And vice versa.

A job search or career change is a considered process – just like any of life’s important decisions. Candidates take their time and want to know about far more than the role itself. They are evaluating the experience of your employer brand even before they become a candidate – and it’s remarkably easy to lose them at any point.

They’ll be taking a close interest in your organisation’s values and reputation (especially how you’ve treated employees during the pandemic), what is being said on social media, what they hear from their own network – all of which will help them in their decision to apply or accept any job offer.

As this blog will show, their exposure to your employer brand affects their experience from awareness to interview and offer. Here’s how to make that a positive one at every stage.


When we talk about the Employee Proposition or EVP, we often say that it should answer the question ‘why a candidate should choose to work for you, rather than anywhere else’. But this assumes they’ve found you and are considering your employment proposition. For that to happen, they first have to be aware you exist. That’s easy if you are Google, the BBC, Apple, Facebook – and many other well known employers.

Being a lesser known employer means you need to work a little harder to fight for your space. Like any brand, when you are building awareness, you need people to hear and talk about you, maybe even what it’s like to work for you. For example, does your purpose as an organisation make a difference, especially now?

The power of purpose
During the pandemic, employers in the public sector especially have noticed an increase in popularity and it’s not just down to job stability. The past year has brought purpose high up into the mix – and that’s what the public sector delivers. Are you, and your employees, talking about your purpose?

Social media – it’s where engagement is built
Social media is where your candidates are researching, talking and sharing what they find. It’s often where the initial awareness and then trust and engagement are built. You can’t afford to miss out on social media for sharing all the best parts of your employer brand. You can start sharing content with a blog and Facebook page and a few enthusiastic employees – just as long as you present an authentic view of what it’s like to work for you.

Social media is an important part of the awareness process and early candidate experience. We’ve covered it in more depth with two articles ‘How social media will support your employer brand‘ and, for those doubters in your organisation, ‘The business case for using social media for employer branding’.


Once your candidate has found you, if they like what they see, they’ll want to dig deeper and evaluate your employer brand. LinkedIn has published some employer branding data that shows just how much evaluation goes into a job search. They claim that 75% of jobseekers consider the employer brand before even applying for a role, and just over half (52%) visit the company website and social media sites to find out more information.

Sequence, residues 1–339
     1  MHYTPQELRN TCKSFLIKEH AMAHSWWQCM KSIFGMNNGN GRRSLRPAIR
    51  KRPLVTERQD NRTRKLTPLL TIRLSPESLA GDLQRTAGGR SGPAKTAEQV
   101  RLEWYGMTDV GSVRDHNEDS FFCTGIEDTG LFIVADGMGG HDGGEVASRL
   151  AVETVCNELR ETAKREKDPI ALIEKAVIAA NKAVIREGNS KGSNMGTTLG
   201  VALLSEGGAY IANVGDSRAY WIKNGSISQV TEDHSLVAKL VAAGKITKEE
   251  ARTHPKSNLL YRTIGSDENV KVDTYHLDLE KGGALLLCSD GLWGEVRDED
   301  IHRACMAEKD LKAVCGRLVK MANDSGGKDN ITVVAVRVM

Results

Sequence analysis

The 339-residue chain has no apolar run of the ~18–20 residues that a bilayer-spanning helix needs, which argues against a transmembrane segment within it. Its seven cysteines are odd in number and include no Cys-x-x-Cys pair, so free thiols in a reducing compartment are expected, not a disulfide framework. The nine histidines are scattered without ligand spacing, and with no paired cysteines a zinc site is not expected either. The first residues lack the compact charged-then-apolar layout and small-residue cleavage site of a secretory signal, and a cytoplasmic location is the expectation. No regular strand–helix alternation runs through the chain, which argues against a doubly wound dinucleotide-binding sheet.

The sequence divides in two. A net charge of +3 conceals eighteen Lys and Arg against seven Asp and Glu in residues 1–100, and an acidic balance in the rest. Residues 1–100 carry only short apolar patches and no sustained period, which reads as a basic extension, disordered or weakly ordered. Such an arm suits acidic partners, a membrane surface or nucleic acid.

The truth is out there
Candidates, like all consumers, are truth seekers. They’ll be looking for reviews, feedback, positive comments, real case studies, the kind of immersive experience that eases them that little bit further into engaging with your hiring process. And remember – all of this is before they’ve even seen an actual vacancy.

The evaluation stage is where you don’t want your candidates to hear stories about applications that were never acknowledged, poorly conducted interviews, a bullying culture, long hours, poor appraisals – all the things that will end up on Glassdoor. If you do find yourself reviewed – respond to both good and bad as it gives a little more insight into your culture and will help candidates make up their own minds.

Compelling careers website content
If your potential candidate has landed on your careers website it will figure in their evaluation of your employer brand and whether they’d like to seek out actual roles and potentially apply. So, your content matters – from the opening strong headline to the information about the organisation, your culture and what your existing employees think.

Our recent blog walks you through the things that make great and compelling content. Read our little article on ‘What makes compelling content for your careers website?


The application process is often where you’ll lose candidates, undoing all your earlier hard work. Let’s look at two of the most likely routes to application – and what each means to the candidate experience.

Route 1: They’ve found a job posting
Maybe they’ve seen it listed on Indeed or found one of your own postings because it was set up well and appears high in searches. Either way, at this stage all they really have in front of them is the job posting itself – possibly with little other awareness of your employer brand. This means your job posting has a lot of work to do. Will it excite and engage your candidate, make them want to apply? Or, will it turn them off because it’s poorly written and looks like a cut and paste of the job description? A well written job posting is always a vital part of the candidate experience. Here’s a quick guide to writing an effective job posting.